Here Are the Back-To-School Vaccinations Your Kids Need

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Immunized School Kids

When checking off your back-to-school list, don’t forget the vaccinations.

In California, few are immune from the state’s strict vaccination requirements for children attending schools and child care programs. State law requires immunization against childhood diseases including diphtheria, hepatitis B, Haemophilus influenzae type b, measles, mumps, whooping cough (pertussis), polio, rubella, tetanus, and chickenpox (varicella).

Since the state passed SB 277, a law that took effect for the 2016-2017 school year, immunization rates for California kindergarteners are at their highest point since 2001.

“Vaccinations are the most important, safe, and effective way we have to prevent a number of deadly diseases.”

Schools generally require proof of vaccines before kids can attend their classes, but there are even better reasons to make sure your children are fully vaccinated.

“Vaccinations are the most important, safe, and effective way we have to prevent a number of deadly diseases,” says Dr. Vikram Anand, a specialist in pediatric infectious diseases at Cedars-Sinai.

“While schools provide an important environment for learning and growing, they also provide the perfect opportunity for infections to spread. Vaccinating children is the best way to prevent this from happening. You’re not only keeping your child safe, you’re also protecting sick children with weakened immune systems who can’t fight infections.”

Use the list below to make sure your child is up-to-date on the immunizations required for California child care and schools according to the California Department of Public Health.

Immunizations needed before starting preschool or child care programs

2-3 months:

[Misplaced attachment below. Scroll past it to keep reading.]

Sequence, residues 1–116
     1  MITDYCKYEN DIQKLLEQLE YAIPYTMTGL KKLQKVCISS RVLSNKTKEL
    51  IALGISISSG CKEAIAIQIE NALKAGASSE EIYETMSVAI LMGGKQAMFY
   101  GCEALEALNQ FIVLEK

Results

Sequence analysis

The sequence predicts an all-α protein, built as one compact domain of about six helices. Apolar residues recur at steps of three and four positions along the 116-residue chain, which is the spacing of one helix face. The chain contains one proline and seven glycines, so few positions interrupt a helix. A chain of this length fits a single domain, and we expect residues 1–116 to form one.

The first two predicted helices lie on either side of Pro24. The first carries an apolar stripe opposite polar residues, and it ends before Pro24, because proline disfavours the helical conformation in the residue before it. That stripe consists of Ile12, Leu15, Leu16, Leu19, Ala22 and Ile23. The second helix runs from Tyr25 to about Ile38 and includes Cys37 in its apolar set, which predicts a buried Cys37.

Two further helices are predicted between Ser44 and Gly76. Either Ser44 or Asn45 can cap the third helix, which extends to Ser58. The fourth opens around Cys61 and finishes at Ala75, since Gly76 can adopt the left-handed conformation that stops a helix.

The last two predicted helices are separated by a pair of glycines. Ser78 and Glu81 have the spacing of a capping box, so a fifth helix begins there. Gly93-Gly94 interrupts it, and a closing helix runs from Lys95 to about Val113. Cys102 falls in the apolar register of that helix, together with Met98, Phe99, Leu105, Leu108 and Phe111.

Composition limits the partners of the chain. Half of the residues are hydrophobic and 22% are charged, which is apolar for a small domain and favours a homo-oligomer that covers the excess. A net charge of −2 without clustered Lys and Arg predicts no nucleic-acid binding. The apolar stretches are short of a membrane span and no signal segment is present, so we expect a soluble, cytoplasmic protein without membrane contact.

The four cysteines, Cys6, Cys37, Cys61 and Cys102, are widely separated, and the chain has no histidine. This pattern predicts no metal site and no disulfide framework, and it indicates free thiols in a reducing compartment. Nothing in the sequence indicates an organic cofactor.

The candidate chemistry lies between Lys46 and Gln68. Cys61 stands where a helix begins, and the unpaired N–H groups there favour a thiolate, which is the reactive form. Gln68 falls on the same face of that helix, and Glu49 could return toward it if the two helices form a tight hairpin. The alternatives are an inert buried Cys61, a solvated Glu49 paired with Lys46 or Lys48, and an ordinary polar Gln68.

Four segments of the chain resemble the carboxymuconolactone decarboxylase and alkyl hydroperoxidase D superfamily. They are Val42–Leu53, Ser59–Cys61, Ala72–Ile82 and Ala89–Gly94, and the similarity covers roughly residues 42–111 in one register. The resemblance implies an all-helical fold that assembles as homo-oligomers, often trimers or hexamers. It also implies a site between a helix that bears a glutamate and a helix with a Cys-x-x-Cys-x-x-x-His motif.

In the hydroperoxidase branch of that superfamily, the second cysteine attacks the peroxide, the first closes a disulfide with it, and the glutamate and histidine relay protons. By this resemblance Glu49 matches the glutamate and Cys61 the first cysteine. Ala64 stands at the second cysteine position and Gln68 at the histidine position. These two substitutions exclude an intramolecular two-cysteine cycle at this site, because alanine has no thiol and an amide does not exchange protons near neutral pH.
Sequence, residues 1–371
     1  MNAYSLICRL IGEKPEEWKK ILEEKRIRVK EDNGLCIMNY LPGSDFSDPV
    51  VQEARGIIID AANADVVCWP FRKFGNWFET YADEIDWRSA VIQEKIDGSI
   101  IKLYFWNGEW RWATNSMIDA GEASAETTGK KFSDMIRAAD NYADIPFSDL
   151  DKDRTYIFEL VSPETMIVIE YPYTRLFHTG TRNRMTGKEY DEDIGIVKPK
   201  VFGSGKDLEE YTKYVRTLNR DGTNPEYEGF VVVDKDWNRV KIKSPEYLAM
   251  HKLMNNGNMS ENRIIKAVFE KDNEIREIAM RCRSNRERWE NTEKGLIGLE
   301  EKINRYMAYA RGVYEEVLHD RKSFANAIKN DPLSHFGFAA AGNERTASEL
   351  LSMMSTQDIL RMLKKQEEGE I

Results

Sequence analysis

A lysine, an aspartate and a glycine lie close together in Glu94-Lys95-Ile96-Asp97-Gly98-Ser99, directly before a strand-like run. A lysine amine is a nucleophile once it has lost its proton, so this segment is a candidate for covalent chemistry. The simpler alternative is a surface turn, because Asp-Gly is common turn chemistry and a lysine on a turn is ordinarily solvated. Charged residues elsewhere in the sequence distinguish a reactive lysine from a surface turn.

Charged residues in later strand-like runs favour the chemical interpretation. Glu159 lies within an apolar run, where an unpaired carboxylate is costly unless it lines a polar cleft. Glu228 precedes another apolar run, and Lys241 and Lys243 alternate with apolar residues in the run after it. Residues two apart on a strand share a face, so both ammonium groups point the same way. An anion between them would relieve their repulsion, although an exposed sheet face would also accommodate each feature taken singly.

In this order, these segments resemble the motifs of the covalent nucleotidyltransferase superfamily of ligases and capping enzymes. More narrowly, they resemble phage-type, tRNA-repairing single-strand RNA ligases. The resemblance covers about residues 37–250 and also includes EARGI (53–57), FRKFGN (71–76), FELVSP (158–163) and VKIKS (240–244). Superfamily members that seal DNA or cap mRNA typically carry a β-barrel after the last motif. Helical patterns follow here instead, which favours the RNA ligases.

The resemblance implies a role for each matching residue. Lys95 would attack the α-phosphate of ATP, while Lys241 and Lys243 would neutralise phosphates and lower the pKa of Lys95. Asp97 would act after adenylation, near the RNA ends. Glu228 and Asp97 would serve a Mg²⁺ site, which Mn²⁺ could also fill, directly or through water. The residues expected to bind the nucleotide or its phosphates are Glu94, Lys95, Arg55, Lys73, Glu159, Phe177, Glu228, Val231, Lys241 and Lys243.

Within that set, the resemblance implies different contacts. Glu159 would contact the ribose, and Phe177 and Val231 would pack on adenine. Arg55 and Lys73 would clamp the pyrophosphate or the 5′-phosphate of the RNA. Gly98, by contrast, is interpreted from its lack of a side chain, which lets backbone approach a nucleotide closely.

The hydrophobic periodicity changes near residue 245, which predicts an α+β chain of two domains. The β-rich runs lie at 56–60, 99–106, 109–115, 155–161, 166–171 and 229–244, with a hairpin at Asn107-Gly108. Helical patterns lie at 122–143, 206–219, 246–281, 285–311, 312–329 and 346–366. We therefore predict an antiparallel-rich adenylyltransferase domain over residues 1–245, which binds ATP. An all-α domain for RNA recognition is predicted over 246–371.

• 1 Polio
  • 1 Diphtheria, Tetanus, and Pertussis (DTaP)
  • 1 Haemophilus influenzae type b (Hib)
  • 1 Hepatitis B

4-5 months:

  • 2 Polio
  • 2 Diphtheria, Tetanus, and Pertussis (DTaP)
  • 2 Haemophilus influenzae type b (Hib)
  • 2 Hepatitis B

6-14 months:

  • 2 Polio
  • 3 Diphtheria, Tetanus, and Pertussis (DTaP)
  • Haemophilus influenzae type b (Hib)
  • 2 Hepatitis B

15-17 months:

  • 3 Polio
  • 3 Diphtheria, Tetanus, and Pertussis (DTaP)
  • 2 Hepatitis B
  • 1 Measles, Mumps, and Rubella (MMR) on or after 1st birthday
  • 1 Haemophilus influenzae type b (Hib) on or after 1st birthday

18 months-5 years:

  • 3 Polio
  • 4 Diphtheria, Tetanus, and Pertussis (DTaP)
  • 3 Hepatitis B
  • 1 Measles, Mumps, and Rubella (MMR) on or after the 1st birthday
  • 1 Haemophilus influenzae type b (Hib) on or after the 1st birthday
  • 1 Varicella (chickenpox)

Immunizations needed for students entering school between ages 4 and 6

  • 5 Diphtheria, Tetanus, and Pertussis (DTaP, DTP, or DT) — (4 doses OK if one was given on or after 4th birthday)
  • 4 Polio (OPV or IPV) — (3 doses OK if one was given on or after 4th birthday)
  • 3 Hepatitis B
  • 2 Measles, Mumps, and Rubella (MMR) — (Both given on or after 1st birthday)
  • 1 Varicella (chickenpox)

Immunizations needed for students ages 7 to 17

  • 4 Diphtheria, Tetanus, and Pertussis (DTaP, DTP, DT, Tdap, or Td) — (3 doses OK if last dose was given on or after 2nd birthday)
  • 4 Polio (OPV or IPV) — (3 doses OK if one was given on or after 2nd birthday)
  • 1 Measles, Mumps, and Rubella (MMR) — (2 doses required at 7th grade)
  • 1-2 Varicella (chickenpox) — (Admission at ages 7-12 years need 1 dose; ages 13-17 years need 2 doses)
  • 1 Tetanus, Diphtheria,and Pertussis (Tdap) — at 7th grade or out-of-state transfer admission at 8th–12th grades (1 dose on or after the 7th birthday)

Other vaccines to consider

Dr. Anand recommends children get the HPV vaccine, which can prevent human papilloma virus infections, a cause of cervical and other cancers.

“The HPV vaccine does work better when you give it to children 9 to 11 years old,” he says. “In fact, if they get the vaccine before age 14, they only need two doses since they respond much better than older teenagers, who usually need three doses.”

Adults who want to volunteer at schools will want to check with their school for any vaccine requirements or other health clearances. Universities also usually require vaccinations, and students should make sure their shots are up to date before heading back to campus.

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